MONTAUBAN, France (Reuters) - Mark Cavendish cemented his status as the Tour de France’s greatest sprinter when he claimed his 29th stage victory in the race in Thursday’s sixth leg.
The 142nd triumph of his professional career put the Briton in outright second place on the list of all-time Tour stage winners ahead of Bernard Hinault (28).
Cavendish is now five shy of Eddy Merckx’s record.
Greg van Avermaet (BMC) had a quiet day in the peloton, as did defending champion and race favourite Chris Froome (Team Sky) of Britain, but the Belgian retained the overall leader’s yellow jersey.
Dimension Data rider Cavendish, 31, surged ahead in the final straight and held off a charge from German Marcel Kittel (Etixx-Quick Step).
Another Briton, Dan McLay (Fortuneo Vital Concept), took third place.
‘Manx Missile’ Cavendish, who reclaimed the green jersey in the overall points category from Slovak Peter Sagan (Tinkoff), has now won half of the stages in this year’s race, having managed only one last year.
Kittel and German champion Andre Greipel (Lotto Soudal) had been widely tipped by pundits to win the sixth leg but once again Cavendish denied them.
“I don’t give a shit what people say,” he said with trademark defiance. “There’s a reason why people like that are commentating on cycling and are not team managers.”
Cavendish, who won his first Tour stage in 2008, could add to his total in Montpellier, Villars les Dombes, Bern and the run-in to the last day in Paris.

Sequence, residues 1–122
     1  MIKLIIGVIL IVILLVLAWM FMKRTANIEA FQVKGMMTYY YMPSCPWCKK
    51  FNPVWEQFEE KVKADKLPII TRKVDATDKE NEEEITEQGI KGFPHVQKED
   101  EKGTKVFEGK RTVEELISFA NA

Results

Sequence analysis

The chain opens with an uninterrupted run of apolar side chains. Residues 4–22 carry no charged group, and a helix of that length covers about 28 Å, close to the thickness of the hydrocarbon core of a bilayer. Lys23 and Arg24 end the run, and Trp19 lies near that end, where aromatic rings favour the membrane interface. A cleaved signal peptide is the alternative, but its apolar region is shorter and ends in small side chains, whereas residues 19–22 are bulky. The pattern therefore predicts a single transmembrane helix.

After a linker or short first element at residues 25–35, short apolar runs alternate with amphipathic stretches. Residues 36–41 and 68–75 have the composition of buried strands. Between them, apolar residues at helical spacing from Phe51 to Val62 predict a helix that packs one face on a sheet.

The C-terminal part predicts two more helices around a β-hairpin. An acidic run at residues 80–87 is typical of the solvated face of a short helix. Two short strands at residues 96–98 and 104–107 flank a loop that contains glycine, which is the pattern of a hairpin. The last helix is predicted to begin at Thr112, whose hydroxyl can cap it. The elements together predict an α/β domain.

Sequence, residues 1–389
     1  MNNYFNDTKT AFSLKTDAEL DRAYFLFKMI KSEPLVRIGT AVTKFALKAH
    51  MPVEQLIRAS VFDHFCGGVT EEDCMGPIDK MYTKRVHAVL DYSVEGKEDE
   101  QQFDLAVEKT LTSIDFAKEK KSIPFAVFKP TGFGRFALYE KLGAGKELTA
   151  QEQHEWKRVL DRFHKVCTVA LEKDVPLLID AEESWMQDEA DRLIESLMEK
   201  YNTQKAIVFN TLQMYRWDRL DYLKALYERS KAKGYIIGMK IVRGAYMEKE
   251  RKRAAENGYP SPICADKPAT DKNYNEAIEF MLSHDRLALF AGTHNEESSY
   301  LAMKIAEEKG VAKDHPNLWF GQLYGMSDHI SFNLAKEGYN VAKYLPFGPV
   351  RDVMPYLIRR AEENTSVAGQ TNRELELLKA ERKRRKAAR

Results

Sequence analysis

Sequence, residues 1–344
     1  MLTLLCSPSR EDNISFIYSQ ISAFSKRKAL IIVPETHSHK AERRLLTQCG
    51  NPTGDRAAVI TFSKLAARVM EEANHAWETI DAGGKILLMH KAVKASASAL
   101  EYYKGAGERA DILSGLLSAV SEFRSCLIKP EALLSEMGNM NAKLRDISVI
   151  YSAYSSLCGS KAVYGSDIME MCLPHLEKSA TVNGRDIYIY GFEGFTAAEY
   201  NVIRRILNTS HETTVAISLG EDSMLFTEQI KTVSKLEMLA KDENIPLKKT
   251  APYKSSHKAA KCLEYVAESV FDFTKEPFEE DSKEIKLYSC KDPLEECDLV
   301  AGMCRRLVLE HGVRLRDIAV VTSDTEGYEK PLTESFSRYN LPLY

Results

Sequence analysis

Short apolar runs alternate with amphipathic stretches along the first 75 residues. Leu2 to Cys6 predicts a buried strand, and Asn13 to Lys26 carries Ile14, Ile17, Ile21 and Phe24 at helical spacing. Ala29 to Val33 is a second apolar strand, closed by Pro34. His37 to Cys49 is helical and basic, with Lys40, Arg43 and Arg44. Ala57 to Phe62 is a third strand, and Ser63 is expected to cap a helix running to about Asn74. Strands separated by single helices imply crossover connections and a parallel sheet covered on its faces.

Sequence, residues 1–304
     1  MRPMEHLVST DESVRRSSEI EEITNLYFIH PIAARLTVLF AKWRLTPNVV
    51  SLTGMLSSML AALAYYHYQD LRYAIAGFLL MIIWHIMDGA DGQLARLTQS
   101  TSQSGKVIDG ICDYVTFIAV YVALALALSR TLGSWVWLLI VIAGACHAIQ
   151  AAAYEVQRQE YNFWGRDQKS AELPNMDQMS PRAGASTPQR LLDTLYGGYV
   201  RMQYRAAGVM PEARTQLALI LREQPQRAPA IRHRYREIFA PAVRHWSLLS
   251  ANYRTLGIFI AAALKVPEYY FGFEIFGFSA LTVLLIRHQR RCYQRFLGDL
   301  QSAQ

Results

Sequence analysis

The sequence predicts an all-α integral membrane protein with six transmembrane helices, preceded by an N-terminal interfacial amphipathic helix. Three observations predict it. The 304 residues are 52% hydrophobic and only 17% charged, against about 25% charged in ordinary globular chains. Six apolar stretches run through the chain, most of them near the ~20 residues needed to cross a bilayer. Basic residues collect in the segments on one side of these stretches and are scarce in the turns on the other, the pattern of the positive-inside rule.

It was a day for the sprinters on a mostly flat 190.5-km stage from Arpajon-sur-Cere and the Manxman did not disappoint, perfectly timing his surge to pip Kittel. Greipel was never in contention in the finale.
Czech Jan Barta (Bora-Argon 18) and Japan’s Yukiya Arashiro (Lampre) opened a maximum lead of five minutes but their breakaway was never likely to succeed.
After the first hot day of the Tour in the Massif Central, temperatures reaching 36 degrees Celsius, the riders now head for the first Pyrenean stage, a 162.5-km trek to the Lac de Payolle featuring the category-one climb to the Col d‘Aspin.
Van Avermaet, who has a lead of five minutes 11 seconds, will look to keep hold of the yellow jersey after stage seven.
“It will be hard but I will try. I will fight for it every minute,” he said.
Editing by Tony Jimenez